The created heavens and earth–indeed all of God’s creation—are fleeting, temporal, and ephemeral, not permanent like God’s eternal Kingdom. Our worldly kingdoms aren’t completely worthless, but they are penultimate and ought to be despised in contrast to God’s eternal stable Kingdom.
The transfiguration reveals the implicit grammar of Jesus’ politics and political identity. This identity did not require a retreat to heaven, but confrontation and crucifixion in Jerusalem.
God’s prophets are those who call us to recognize our limitations before the sovereignty of God. Indeed, Jeremiah reminds us of the relativity of human politics and that in God alone does the individual and human society find meaning and security.
Giving voice and hope to groaning and suffering creatures is the political task that we can take up for the oppressed creation in imitation of the Spirit, who advocates for us to our true Sovereign for the hope of our bodily redemption.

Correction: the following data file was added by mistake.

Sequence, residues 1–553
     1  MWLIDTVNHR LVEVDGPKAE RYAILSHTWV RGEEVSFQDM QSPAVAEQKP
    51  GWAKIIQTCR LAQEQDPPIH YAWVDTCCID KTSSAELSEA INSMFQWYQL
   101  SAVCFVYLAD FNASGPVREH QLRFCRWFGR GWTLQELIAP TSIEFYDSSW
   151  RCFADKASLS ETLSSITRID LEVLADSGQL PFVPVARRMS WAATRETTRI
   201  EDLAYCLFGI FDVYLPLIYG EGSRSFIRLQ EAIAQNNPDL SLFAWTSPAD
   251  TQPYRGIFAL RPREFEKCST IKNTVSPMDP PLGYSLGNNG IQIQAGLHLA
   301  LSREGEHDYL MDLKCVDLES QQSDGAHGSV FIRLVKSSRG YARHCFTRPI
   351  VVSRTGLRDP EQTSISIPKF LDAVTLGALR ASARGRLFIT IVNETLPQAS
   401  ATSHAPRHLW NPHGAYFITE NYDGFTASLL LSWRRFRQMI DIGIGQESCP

Paul contrasts the children of light with the children of the darkness. This contrast is particularly manifest in the war that we fight and the weapons with which we do so.
The divine violence of the drowning of the Egyptians in the deliverance of the Israelites through the Red Sea raises challenging questions about the character of liberation and the foundation of nations.
In the story of the rivalry between Esau and Jacob, we discover a typology that can shed an unflattering light on a number of the tensions that exist between people in the modern world.
Paul’s statements concerning the peoples in his Areopagus speech in Athens have historically been used as justification for racism and Apartheid. There are, however, other ways to understand his claims.